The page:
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Stress in a stimuli-responsive polymer brush

Manav, M. and Ponga, M. and Phani, A. Srikantha (2020) Stress in a stimuli-responsive polymer brush. . (Unpublished) https://resolver.caltech.edu/CaltechAUTHORS:20200908-151457421

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Abstract

The application of a polymer brush in sensing, actuation, self-folding, among others acutely depends on the tuneable bending of a brush-grafted substrate caused by the stress in the brush. However, the stress in a stimuli-responsive brush has not been investigated. In this work, we study the stress in the stimuli-responsive planar polymer brushes of neutral water-soluble polymers with low to very high graft densities using strong stretching theory (SST). First, SST with the Langevin force-extension relation for a polymer chain is extended to the study of stimuli-responsive brushes. Stress profile and other properties of a Poly(N-isopropylacrylamide) (PNIPAm) brush are then obtained using the extended SST and an empirical Flory-Huggins parameter. The model predicts that the stress in a PNIPAm brush is inhomogeneous and compressive at all temperatures and graft densities. The resultant stress is predicted to increase in magnitude with increasing graft density. Moreover, it decreases in magnitude with an increase in temperature before plateauing in low graft density brushes. In contrast, its magnitude increases weakly with increasing temperature in high density brushes. This contrasting behavior is traced to the minimum in interaction free energy density \emph{vs} polymer volume fraction curve for PNIPAm solution at a large volume fraction, and stiffening of chains due to finite extensibility. Furthermore, our results indicate that the ability to tune the resultant stress by changing temperature diminishes with increasing graft density.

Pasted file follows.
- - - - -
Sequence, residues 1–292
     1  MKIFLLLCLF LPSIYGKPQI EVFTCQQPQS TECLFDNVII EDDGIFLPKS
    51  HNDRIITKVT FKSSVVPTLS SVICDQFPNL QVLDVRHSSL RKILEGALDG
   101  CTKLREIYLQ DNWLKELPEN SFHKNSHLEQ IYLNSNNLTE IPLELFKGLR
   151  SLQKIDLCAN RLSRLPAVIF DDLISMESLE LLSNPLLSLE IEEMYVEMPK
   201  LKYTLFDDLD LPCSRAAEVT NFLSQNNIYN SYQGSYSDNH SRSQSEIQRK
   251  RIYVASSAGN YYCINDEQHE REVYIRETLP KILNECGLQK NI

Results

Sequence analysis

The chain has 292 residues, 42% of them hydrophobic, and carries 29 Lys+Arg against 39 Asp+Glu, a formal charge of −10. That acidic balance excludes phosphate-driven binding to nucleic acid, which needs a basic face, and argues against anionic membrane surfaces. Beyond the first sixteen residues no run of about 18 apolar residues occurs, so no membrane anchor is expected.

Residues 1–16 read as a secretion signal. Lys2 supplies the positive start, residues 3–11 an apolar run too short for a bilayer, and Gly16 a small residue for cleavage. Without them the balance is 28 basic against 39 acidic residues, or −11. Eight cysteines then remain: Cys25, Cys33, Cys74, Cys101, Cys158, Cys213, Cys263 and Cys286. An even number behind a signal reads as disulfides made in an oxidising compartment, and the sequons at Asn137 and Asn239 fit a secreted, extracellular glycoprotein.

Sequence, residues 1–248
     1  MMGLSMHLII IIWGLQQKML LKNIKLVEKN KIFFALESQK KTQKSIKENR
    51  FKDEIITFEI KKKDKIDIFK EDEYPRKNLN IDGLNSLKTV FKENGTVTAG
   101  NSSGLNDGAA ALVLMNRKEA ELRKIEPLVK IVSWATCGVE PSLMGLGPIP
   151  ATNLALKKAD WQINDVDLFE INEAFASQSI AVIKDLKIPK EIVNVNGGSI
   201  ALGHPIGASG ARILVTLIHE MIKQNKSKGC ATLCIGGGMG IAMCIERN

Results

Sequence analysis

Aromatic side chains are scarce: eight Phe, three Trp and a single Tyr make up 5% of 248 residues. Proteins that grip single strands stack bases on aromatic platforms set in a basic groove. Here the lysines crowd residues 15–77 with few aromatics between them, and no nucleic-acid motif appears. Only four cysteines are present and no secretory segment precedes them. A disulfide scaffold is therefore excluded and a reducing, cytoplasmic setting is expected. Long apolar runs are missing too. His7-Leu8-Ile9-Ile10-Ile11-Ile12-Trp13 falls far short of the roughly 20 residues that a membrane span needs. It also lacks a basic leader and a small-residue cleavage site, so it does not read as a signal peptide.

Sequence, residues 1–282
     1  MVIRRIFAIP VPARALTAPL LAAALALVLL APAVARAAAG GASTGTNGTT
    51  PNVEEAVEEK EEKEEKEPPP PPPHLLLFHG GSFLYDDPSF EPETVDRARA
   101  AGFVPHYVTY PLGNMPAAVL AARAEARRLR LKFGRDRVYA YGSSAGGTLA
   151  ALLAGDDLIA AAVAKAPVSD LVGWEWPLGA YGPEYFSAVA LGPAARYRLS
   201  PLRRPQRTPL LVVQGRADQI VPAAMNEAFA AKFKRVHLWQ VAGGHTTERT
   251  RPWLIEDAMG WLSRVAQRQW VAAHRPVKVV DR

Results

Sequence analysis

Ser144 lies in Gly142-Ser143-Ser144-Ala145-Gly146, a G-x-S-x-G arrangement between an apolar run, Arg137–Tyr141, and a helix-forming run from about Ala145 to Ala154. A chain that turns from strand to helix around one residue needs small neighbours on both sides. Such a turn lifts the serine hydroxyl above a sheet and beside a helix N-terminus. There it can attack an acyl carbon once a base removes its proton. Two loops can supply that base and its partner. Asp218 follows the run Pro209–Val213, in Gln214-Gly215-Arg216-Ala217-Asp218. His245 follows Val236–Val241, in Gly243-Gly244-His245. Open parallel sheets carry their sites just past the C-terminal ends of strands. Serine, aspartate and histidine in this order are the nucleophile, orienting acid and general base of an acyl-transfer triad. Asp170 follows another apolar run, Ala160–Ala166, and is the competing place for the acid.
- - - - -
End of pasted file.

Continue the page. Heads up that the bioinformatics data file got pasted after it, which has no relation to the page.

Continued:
Item Type:Report or Paper (Discussion Paper)
Related URLs:
URLURL TypeDescription
https://arxiv.org/abs/2008.03680arXivDiscussion Paper
ORCID:
AuthorORCID
Ponga, M.0000-0001-5058-1454
Additional Information:The authors thank Natural Sciences and Engineering Research Council of Canada (NSERC) for its funding through CREATE (NanoMat program at UBC), Discovery grant, and the Collaborative Health Research project jointly with the Canadian Institute of Health Research (CIHR).
Group:GALCIT
Funders:
Funding AgencyGrant Number
Natural Sciences and Engineering Research Council of Canada (NSERC)UNSPECIFIED
Canadian Institutes of Health Research (CIHR)UNSPECIFIED
Record Number:CaltechAUTHORS:20200908-151457421
Persistent URL:https://resolver.caltech.edu/CaltechAUTHORS:20200908-151457421
Usage Policy:No commercial reproduction, distribution, display or performance rights in this work are provided.
ID Code:105275
Collection:CaltechAUTHORS
Deposited By: Tony Diaz
Deposited On:08 Sep 2020 23:42
Last Modified:08 Sep 2020 23:42

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